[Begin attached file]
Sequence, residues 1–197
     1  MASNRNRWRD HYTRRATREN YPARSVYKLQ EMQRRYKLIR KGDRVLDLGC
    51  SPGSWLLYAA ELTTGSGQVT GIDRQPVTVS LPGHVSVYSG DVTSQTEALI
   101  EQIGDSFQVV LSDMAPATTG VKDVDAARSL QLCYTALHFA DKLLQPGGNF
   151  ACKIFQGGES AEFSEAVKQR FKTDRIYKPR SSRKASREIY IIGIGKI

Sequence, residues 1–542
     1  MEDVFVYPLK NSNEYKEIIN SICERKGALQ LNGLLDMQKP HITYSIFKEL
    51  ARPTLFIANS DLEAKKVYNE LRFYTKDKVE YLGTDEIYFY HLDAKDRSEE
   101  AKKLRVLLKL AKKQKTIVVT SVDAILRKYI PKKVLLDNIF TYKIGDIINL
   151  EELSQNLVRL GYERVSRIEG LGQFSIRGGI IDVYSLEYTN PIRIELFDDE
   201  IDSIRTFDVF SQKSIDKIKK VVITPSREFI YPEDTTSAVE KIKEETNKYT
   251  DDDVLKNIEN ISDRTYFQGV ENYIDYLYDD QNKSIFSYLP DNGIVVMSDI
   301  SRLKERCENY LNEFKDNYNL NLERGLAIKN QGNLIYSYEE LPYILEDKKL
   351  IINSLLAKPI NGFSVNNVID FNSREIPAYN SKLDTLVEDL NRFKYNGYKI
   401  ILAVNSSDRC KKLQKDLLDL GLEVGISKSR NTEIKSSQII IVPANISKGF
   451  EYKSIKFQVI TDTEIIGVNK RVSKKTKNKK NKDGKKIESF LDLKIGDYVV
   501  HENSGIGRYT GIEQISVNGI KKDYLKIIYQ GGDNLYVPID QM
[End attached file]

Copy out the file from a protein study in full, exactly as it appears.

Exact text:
Sequence, residues 1–197
     1  MASNRNRWRD HYTRRATREN YPARSVYKLQ EMQRRYKLIR KGDRVLDLGC
    51  SPGSWLLYAA ELTTGSGQVT GIDRQPVTVS LPGHVSVYSG DVTSQTEALI
   101  EQIGDSFQVV LSDMAPATTG VKDVDAARSL QLCYTALHFA DKLLQPGGNF
   151  ACKIFQGGES AEFSEAVKQR FKTDRIYKPR SSRKASREIY IIGIGKI

Sequence, residues 1–542
     1  MEDVFVYPLK NSNEYKEIIN SICERKGALQ LNGLLDMQKP HITYSIFKEL
    51  ARPTLFIANS DLEAKKVYNE LRFYTKDKVE YLGTDEIYFY HLDAKDRSEE
   101  AKKLRVLLKL AKKQKTIVVT SVDAILRKYI PKKVLLDNIF TYKIGDIINL
   151  EELSQNLVRL GYERVSRIEG LGQFSIRGGI IDVYSLEYTN PIRIELFDDE
   201  IDSIRTFDVF SQKSIDKIKK VVITPSREFI YPEDTTSAVE KIKEETNKYT
   251  DDDVLKNIEN ISDRTYFQGV ENYIDYLYDD QNKSIFSYLP DNGIVVMSDI
   301  SRLKERCENY LNEFKDNYNL NLERGLAIKN QGNLIYSYEE LPYILEDKKL
   351  IINSLLAKPI NGFSVNNVID FNSREIPAYN SKLDTLVEDL NRFKYNGYKI
   401  ILAVNSSDRC KKLQKDLLDL GLEVGISKSR NTEIKSSQII IVPANISKGF
   451  EYKSIKFQVI TDTEIIGVNK RVSKKTKNKK NKDGKKIESF LDLKIGDYVV
   501  HENSGIGRYT GIEQISVNGI KKDYLKIIYQ GGDNLYVPID QM